In the tablet market Google is fixing a broken Android tablet market before Amazon steals it all. From the Xoom the Android tablet market has been broken when it comes to pricing and positioning. Google just fixed that.


    I think the pricing should be set by market demands. I personally would pay hundreds more for a SGS3 over a new Nexus because I hate LG build quality and I like expandable storage. My mom might pay extra for the SGS3 because the commercials made her like the brand.

    The Nexus as a brand really doesn't have an identity with consumers, and therefore is priced as a commodity as it should be.

    The Nexus 7 sales are Asus sales. You just assume its sold at a loss. Maybe so many people buy 16gb models that the overall line turns a profit. If it is thin margins then fine, we are basically back where computers are.

    Samsung is or they wouldn't bid for the Nexus. If anything I bet Samsung isn't looking at lost sales to the Nexus compared to sales the Nexus will bring from customers of other value tablets. No Samsung tablet so far has been priced aggressively.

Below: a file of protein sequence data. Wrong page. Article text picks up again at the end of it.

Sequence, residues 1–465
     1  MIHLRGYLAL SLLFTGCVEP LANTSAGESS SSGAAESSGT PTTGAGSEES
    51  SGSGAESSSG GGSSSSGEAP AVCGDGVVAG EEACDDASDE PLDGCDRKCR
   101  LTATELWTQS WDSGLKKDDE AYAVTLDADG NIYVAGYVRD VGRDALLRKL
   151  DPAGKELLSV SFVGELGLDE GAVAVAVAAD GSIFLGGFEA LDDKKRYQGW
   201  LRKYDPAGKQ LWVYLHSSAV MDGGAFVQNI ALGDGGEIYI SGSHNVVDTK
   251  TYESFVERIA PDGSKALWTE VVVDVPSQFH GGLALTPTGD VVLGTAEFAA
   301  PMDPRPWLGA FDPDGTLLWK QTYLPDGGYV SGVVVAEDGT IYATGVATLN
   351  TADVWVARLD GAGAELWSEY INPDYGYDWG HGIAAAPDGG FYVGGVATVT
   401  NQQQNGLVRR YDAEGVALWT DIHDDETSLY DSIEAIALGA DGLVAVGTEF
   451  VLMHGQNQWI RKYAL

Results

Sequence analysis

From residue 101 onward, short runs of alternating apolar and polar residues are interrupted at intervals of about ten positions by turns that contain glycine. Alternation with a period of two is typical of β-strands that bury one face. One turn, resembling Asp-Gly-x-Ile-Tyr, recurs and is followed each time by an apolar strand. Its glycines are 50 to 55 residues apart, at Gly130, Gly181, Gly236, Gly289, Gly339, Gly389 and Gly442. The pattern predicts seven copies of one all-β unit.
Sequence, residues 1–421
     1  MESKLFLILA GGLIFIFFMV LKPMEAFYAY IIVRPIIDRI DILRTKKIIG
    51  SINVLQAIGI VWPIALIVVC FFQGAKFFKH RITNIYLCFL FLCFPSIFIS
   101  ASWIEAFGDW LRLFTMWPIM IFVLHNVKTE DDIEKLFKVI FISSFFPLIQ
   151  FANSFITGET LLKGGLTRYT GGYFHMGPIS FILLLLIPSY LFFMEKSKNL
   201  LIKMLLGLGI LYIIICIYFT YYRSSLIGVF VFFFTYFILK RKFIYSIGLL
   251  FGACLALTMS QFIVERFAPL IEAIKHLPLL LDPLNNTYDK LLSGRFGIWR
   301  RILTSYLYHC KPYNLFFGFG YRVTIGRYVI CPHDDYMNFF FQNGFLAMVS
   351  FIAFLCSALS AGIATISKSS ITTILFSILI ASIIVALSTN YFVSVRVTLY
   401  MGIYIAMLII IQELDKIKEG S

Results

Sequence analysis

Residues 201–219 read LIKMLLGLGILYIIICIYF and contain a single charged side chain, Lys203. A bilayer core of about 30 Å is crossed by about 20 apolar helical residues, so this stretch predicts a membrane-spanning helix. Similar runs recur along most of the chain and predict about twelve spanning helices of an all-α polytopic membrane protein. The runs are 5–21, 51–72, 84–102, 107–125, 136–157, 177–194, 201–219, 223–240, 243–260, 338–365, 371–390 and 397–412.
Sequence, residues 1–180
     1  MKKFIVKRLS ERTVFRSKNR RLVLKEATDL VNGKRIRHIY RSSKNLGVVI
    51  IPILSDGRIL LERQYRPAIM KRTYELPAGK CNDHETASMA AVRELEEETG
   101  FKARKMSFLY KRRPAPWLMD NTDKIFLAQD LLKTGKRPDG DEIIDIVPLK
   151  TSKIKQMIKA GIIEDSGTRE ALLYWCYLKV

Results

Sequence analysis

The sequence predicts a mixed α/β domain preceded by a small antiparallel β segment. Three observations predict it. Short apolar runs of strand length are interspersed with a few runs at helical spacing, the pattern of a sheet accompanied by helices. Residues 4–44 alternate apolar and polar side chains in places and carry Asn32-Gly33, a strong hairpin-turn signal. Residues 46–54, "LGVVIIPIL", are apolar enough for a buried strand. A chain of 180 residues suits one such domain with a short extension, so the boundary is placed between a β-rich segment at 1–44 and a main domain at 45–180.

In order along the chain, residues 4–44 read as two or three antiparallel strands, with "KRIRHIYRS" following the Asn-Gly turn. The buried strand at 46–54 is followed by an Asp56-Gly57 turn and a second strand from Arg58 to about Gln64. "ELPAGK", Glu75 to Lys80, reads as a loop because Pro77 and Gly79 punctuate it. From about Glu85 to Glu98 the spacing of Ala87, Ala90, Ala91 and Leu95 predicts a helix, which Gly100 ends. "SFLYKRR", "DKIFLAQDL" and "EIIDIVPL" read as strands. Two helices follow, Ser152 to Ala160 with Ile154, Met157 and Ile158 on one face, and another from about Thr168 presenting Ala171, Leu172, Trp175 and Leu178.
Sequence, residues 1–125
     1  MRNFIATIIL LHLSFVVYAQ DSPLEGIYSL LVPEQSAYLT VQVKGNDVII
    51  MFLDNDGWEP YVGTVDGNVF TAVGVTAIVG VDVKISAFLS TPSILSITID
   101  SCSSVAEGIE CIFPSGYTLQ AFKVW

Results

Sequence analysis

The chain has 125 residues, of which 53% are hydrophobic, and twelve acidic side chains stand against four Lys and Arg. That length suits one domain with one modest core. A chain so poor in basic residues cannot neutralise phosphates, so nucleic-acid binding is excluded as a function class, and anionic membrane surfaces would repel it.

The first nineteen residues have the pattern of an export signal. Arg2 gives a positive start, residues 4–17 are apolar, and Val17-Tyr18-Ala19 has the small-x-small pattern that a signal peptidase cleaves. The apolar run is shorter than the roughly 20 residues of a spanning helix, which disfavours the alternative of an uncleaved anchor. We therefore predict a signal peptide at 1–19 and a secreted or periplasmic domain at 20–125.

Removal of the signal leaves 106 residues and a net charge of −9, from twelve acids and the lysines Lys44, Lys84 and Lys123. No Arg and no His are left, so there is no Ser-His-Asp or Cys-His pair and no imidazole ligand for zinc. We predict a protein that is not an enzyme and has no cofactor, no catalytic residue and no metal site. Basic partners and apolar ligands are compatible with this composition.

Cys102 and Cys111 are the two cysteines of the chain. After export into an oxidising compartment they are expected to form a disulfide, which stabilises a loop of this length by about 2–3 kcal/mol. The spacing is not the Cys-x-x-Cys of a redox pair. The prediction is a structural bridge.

Sure they do:

    1. They get better experience with Google's code and early shots at updates, which as we have seen with Samsung can help with your non-Nexus lines.

    2. It gives LG some legitimacy in the community. Until the Nexus we NEVER talked about LG phones. It doesn't exist to me because of (expected from LG) build quality issues, but the fact they are finally being talked about in the Android space is huge.

    3. The Nexus lines run for about a year. That price-point will eventually be profitable within the life of the phone if it isn't now.

    Not really. Look at the computer OEM market.

    When I pay as little as possible for quality products. In some ways the new Nexuses are the first acceptable Android devices to a whole new audience.
     
  13. Munky

    Munky Diamond Member

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    Competition is an incentive for the manufacturers to innovate and give the consumer what they want. Some manufacturers are less competitive than others, some go out of business, but that happens in many industries. I would still rather have more competition than less.